What Does Standing to Sue Really Mean?
During the height of the foreclosure crisis–and even now, as homes continue to be foreclosed on–the word “standing” was heard routinely. It is often said that banks don’t have standing to bring their suits, or that a foreclosure case was won on the basis of standing. But what does that word even mean?
Having the Right to Sue
Simply put, standing means that the party that brings the action must have some stake in the outcome. The person suing must be the person actually injured by the wrongs alleged in the complaint, or must stand to gain or lose something on the outcome of the case.
In injury cases, this is an easy analysis–if you were not injured in an accident, you likely wouldn’t sue someone anyway (unless you’re suing on behalf of a minor child, which is a different situation). But if you were injured in any way, you have a stake in the outcome of the case and would have standing to sue.
The Extent of Injury or Damage Matters
However, not every injury is one that provides standing. Assume that a local factory is spewing chemicals in the air. You could not sue because the air you are breathing is becoming polluted, or because you don’t like pollution.
However, assuming you could prove you contracted a disease, and the disease was from pollution in the air, and from the exact kind of pollution the factory was spewing, you may come closer to having standing to sue.
Standing in Foreclosures
Standing gets a bit more difficult to analyze in other types of cases. In foreclosure cases, you may have heard people say that banks don’t own the loans or mortgages that they are suing to foreclose upon. If that is true (as it often is), then the bank would have no standing.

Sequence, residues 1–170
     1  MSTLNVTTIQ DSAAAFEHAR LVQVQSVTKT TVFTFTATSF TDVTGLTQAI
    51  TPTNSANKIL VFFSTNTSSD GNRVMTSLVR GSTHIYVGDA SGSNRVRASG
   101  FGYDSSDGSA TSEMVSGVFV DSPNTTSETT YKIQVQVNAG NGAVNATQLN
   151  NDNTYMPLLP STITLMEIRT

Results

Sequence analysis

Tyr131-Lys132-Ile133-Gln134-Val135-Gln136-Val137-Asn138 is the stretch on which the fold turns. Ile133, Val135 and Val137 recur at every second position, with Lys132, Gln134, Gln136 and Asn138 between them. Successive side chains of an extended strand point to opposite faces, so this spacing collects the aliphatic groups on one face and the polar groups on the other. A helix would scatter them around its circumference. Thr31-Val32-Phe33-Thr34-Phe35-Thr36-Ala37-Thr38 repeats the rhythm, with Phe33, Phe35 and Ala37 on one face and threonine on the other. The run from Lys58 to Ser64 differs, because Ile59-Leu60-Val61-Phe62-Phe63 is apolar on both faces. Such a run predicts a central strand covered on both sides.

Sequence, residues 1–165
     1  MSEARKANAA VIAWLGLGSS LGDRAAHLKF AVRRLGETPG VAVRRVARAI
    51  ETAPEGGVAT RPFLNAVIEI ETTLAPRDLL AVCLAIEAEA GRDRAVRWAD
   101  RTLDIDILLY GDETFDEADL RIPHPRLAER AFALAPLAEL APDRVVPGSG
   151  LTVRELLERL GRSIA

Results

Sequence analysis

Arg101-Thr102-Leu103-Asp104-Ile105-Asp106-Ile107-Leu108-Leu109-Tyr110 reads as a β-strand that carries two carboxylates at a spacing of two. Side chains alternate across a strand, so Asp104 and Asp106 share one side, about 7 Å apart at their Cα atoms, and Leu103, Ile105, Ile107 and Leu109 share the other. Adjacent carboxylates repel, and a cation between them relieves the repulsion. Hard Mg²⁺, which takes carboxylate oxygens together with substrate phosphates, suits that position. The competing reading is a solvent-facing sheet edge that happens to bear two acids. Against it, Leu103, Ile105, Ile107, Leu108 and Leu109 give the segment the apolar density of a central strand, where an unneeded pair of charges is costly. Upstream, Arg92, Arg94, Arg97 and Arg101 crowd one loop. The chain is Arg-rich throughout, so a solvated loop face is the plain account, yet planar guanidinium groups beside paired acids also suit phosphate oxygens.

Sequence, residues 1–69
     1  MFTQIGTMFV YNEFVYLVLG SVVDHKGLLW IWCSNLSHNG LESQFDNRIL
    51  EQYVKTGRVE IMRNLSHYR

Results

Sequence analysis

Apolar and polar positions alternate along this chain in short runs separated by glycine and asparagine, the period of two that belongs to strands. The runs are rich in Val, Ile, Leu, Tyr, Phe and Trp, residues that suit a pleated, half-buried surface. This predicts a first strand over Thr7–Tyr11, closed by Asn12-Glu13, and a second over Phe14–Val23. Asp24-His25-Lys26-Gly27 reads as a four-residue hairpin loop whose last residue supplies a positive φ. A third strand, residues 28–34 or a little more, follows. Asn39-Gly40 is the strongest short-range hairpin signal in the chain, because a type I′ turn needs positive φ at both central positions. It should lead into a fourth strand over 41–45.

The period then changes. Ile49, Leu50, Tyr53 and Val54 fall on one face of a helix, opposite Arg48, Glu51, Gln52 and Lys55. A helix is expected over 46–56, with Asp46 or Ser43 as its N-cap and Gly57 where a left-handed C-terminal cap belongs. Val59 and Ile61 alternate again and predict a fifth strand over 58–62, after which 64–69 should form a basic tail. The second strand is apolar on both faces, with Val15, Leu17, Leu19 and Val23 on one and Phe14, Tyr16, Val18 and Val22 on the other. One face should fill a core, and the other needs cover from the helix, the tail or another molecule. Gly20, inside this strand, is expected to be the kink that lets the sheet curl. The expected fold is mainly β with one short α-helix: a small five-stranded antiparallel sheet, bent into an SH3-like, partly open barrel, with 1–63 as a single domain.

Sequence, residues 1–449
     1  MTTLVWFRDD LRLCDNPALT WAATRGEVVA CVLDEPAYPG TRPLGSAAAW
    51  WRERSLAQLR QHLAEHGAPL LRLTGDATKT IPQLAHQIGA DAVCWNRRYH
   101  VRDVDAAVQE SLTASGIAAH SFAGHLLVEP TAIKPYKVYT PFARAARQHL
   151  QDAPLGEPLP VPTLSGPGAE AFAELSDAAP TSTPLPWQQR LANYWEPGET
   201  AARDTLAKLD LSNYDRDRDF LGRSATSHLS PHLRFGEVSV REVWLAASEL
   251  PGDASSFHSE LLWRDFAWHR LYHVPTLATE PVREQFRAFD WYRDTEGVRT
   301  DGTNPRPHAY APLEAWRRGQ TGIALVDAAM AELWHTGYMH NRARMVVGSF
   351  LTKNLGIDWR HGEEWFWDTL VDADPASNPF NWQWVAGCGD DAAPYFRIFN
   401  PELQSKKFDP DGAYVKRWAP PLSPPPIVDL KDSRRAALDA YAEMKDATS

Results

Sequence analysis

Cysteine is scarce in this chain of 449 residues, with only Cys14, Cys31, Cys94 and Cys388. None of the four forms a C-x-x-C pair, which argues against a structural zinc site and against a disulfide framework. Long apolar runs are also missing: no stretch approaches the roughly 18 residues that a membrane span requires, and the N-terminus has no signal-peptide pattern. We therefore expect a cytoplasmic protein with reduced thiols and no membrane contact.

Thinking of it another way, imagine your neighbor’s roofer did not fix the roof even though your neighbor paid. You could not sue the roofer. Only your neighbor could. Similarly, in the foreclosure context, if Bank 1 does not own the loan or mortgage, it has no enforceable contract with the homeowner.
If that is the case, the bank can’t sue in court to enforce an agreement that it did not create, it did not purchase, or that wasn’t given to it by some former owner of the loan. It must show it actually has a right to enforce the loan and mortgage, otherwise it is not harmed by any breach, and thus has no stake in the outcome or injury from any alleged breach.
Buying and Selling Loans Creates the Problem
Standing is only an issue in foreclosure cases because loans were bought and sold and transferred, often multiple times, and often improperly. In a normal contract case, one of the parties that actually signed the contract would be suing. But because most banks filing foreclosures aren’t the same banks that loaned money, or put a mortgage on the property, standing became and remains today a very contested issue in foreclosure cases.
At Jacobs Legal in Miami, we help homeowners in foreclosure. Contact us to schedule your free initial consultation if you have a foreclosure case filed against you.